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I need this one result to do a problem correctly.

I want to show that for any $b \in \mathbb{C}$ and $z$ a complex variable:

$$ |z^2 + b^2| \geq |z|^{2} - |b|^{2}$$

My attempts have only led me to conclude that

$$ |z^2 + b^2| > \frac{|z|^{2} + |b|^{2}}{2}$$

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The result you are trying to show is false. $b^2$ need not be real for arbitrary $b\in\mathbb{C}$. Take, for example, $b=1+i$, so $b^2=2i$. It is known that $\mathbb{C}$ is not an ordered field. Now, if you mean $|z^2+b^2|\geq|z|^2-|b|^2$, that is true. –  Cameron Buie Apr 23 '12 at 19:01
    
Your attempt is damn wrong : $|1^2 + i^2| = 0$ but $|1|^2+|i|^2 = 2$... –  Lierre Apr 23 '12 at 19:08
    
I've made the correction sorry guys. –  Low Scores Apr 23 '12 at 19:54
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3 Answers

up vote 2 down vote accepted

$$ |z|^2 = |z^2| = |z^2 + b^2 - b^2| \le |z^2 + b^2| + |b|^2 $$ and your inequality follows. I suppose you are missing an $|\cdot|$ arround the $b$? For you cannot compare complex numbers well.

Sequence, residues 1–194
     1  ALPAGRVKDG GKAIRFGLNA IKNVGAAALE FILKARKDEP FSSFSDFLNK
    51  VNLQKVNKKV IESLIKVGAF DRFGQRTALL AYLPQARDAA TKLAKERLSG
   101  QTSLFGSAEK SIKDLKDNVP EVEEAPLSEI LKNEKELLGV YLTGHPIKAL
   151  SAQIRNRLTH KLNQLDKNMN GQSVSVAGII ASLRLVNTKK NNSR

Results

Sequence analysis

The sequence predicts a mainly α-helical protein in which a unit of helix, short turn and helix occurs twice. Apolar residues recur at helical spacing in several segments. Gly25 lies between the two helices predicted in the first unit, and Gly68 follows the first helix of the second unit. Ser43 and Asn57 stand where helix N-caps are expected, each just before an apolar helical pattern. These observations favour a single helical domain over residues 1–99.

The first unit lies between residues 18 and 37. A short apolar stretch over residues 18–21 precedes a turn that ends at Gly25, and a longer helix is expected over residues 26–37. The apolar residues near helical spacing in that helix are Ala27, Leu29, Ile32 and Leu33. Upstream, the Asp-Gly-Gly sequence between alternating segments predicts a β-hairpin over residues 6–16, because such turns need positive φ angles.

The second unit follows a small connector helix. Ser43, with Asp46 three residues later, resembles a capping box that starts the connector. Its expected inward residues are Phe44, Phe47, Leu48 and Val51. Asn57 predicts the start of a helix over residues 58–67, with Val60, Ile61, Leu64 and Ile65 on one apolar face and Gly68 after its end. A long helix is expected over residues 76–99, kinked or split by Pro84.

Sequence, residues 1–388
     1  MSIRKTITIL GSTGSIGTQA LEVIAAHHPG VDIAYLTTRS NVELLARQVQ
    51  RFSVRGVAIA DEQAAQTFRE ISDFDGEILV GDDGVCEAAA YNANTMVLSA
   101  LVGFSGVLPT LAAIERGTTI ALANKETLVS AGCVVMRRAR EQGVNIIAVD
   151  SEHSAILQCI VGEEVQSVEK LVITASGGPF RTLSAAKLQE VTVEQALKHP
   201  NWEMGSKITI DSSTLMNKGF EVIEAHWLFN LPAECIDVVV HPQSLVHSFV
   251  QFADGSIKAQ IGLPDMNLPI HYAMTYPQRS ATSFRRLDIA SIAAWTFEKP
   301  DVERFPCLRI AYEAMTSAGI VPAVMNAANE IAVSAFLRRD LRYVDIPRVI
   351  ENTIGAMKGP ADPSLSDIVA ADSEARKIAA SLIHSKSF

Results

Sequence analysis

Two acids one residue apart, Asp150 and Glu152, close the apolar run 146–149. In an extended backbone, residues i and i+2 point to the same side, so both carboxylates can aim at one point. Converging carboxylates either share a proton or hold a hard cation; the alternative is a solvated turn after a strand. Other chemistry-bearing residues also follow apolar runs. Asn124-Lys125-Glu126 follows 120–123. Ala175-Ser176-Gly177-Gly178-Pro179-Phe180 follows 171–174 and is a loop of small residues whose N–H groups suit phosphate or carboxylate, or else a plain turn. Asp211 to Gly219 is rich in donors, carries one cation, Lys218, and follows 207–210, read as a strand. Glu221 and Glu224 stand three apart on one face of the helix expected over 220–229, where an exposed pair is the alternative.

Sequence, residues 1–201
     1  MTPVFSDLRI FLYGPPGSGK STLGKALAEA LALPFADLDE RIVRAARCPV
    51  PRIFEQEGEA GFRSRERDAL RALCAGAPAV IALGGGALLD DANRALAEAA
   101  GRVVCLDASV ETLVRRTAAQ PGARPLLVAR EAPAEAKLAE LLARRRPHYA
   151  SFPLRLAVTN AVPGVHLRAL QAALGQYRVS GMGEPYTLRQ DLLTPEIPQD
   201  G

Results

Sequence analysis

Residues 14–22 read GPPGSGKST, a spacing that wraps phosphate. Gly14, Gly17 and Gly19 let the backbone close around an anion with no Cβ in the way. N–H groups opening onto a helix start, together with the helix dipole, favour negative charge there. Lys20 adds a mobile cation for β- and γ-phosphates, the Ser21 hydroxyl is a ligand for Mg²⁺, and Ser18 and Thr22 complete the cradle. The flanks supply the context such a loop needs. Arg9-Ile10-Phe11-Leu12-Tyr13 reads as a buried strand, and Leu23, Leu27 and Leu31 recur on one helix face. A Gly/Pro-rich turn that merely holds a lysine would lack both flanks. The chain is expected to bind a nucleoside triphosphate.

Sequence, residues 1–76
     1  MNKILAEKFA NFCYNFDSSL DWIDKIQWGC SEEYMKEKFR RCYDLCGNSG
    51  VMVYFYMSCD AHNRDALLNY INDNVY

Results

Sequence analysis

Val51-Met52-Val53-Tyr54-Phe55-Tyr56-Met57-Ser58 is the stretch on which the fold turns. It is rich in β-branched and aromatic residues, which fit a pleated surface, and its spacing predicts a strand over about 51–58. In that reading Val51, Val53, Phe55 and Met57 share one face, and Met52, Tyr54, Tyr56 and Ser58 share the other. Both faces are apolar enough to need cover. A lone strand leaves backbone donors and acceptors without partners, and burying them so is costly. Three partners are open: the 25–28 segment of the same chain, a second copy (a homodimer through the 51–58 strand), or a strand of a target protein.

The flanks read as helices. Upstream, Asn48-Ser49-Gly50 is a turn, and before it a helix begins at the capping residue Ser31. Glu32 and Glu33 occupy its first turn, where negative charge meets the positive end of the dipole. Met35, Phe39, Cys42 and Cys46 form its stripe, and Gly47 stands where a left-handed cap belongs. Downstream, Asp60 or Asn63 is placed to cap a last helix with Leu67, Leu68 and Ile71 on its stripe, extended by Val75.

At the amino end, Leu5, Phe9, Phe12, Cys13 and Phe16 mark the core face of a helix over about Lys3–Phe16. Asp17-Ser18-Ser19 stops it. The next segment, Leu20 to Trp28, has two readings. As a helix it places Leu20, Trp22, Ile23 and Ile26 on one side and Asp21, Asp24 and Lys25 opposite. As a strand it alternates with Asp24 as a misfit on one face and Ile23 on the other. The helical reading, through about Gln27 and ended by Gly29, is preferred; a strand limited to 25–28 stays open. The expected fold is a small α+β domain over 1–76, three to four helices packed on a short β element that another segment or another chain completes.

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The searched inequality is an instance of the Lipshitz inequality for the distance.

In the concrete case $$||z_1|-|z_2||\leq|z_1-z_2|$$ It is obtained by the triangle inequality $$|z_1|\leq|z_1-z_2|+|z_2|$$ and its symmetric under the exchange of $z_1$ and $z_2$

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we know ,(from vector algebra) that

$$ |z^2 + b^2| \geq |z^{2}| - |b^{2}|$$

and, that for any complex number $x$,

$$|x^{2}| \geq |x|^{2}$$

therefore, $$ |z^2 + b^2| \geq |z^{2}| - |b^{2}| \geq |z|^{2} - |b|^{2}$$

hence, $$ |z^2 + b^2| \geq |z|^{2} - |b|^{2}$$

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